Media Appearances

Global Finance: Adversity Breeds Opportunity

Via Global Finance

After a horrible 2020, transaction banking is poised for a rebound.

Optimism permeated discussions during the 2021 annual meeting in June of the Bankers Association for Finance and Trade (BAFT). More than 2,000 attendees from 66 countries actively discussed the status and future of trade finance during the four-day virtual event.

The opening and closing keynotes provided strong economic outlooks as bookends for the event. Economists from Bank of America (BofA) and HSBC estimated that the global GDP was on track to reach a 5% or 6% growth rate in the second half of the year.

Individual GDP growth will vary country by country, noted Brian Moynihan, chairman and CEO of BofA and the closing keynote.

According to Michael Roberts, CEO of HSBC USA and the opening keynote, there are some areas of weakness. “Brazil and India see some improvement despite their horrific experiences with Covid-19.” However, the markets with strong growth correlate with areas that have higher vaccination rates, he added.

Meanwhile, BofA economists predict that US GDP growth could reach as high as 7% in the second half of the year, after reaching a 5% growth rate in 2020. This would be a doubling, or even a tripling, of GDP growth for the US, which has seen its GDP growth fluctuate between approximately 2% and 3% for the past few decades.

According to Moynihan, much of the growth could be tied to unspent stimulus payments sitting in customer accounts. “We estimate that 65% to 75% of it is still in our customers’ accounts,” he said. “And there is still the possibility of even more stimulus.”

If businesses continue to face supply chain issues, it could constrain GDP growth, he added.

Knock-On Effects

Covid-19’s near shutdown of the global economy in 2020 changed the face of transaction banking by quickening technology adoption while eliminating many inefficiencies.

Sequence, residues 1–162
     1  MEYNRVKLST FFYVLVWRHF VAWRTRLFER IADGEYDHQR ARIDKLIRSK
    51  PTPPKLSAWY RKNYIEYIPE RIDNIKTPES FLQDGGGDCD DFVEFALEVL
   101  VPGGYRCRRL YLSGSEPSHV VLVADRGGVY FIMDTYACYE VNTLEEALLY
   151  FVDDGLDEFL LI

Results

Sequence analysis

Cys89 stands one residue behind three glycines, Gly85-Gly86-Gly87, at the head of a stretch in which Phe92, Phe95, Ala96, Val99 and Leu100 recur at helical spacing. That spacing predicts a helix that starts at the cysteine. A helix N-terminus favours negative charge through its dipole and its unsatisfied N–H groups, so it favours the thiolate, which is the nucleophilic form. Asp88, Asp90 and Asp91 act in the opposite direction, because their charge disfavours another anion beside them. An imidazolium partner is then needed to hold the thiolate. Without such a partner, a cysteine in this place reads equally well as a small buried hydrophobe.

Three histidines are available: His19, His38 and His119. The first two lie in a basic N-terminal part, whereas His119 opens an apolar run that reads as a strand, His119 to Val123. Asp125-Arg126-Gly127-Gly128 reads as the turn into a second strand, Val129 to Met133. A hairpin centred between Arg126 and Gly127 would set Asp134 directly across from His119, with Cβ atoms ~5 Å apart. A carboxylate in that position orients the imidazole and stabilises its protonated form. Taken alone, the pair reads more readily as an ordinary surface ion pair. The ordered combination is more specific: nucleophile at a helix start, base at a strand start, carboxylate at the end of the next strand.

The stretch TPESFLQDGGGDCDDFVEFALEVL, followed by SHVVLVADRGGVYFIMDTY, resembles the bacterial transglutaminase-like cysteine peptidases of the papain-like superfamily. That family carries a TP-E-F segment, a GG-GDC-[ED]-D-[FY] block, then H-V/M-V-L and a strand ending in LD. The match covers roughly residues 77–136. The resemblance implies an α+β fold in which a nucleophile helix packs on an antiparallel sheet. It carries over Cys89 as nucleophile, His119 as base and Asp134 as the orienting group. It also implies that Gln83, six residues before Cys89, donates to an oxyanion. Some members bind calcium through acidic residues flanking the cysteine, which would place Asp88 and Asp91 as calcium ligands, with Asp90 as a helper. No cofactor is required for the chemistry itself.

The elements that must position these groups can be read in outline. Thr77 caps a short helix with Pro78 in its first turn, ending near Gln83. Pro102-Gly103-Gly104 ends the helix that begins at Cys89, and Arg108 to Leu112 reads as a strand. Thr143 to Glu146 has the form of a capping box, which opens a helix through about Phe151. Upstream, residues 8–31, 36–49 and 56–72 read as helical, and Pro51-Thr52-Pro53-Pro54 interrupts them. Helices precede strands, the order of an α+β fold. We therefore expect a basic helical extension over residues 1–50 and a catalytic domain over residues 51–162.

The pandemic forced every bank to digitalize its offerings, according to Moynihan: “If we did the Paycheck Protection Program via mail, we would never have gotten there.”

Digitalization went from a “nice to have” to a business imperative for most banks. For example, HSBC expects to digitalize 80% of its controls in the next eight to 12 months.

“Clients are not waiting around for banks to get their act together,” said HSBC’s Roberts. “That is why we are maniacally focused on this.”

According to panelist Andy Kollegger, group managing director and head of Corporate and Institutional Clients International at UBS, client companies also have raised the bar on the quality of the digital offerings they demand. “They don’t want to get weekly reports in stacks of papers,” he said. “They want to access online and real-time information. They don’t want to authenticate using a myriad of little machines using code. They want to authenticate online with a secure system.”

From the start of the pandemic lockdowns, client concerns over deposits and principal lessened while they pressured banks for more-granular monitoring of cash flows and improved forecasting capabilities. “Some days [the forecasting] was a day in advance and sometimes a week in advance,” said co-panelist Diane Reyes, group general manager, global head of Liquidity and Cash Management at HSBC. “Then it went quarterly, and then six months in advance.”

Return to Normality?

Tom Wolfe’s novel You Can’t Go Home Again might as well have been about transaction banking. The pre-Covid economy no longer exists and has been replaced with shortened and simplified supply chains since the start of the pandemic.

“Many businesses are moving from just-in-time strategies to  just-in-case strategies, which reduce the reliance on certain suppliers,” said panelist Michael Spiegel, global head of Transaction Banking at Standard Chartered Bank.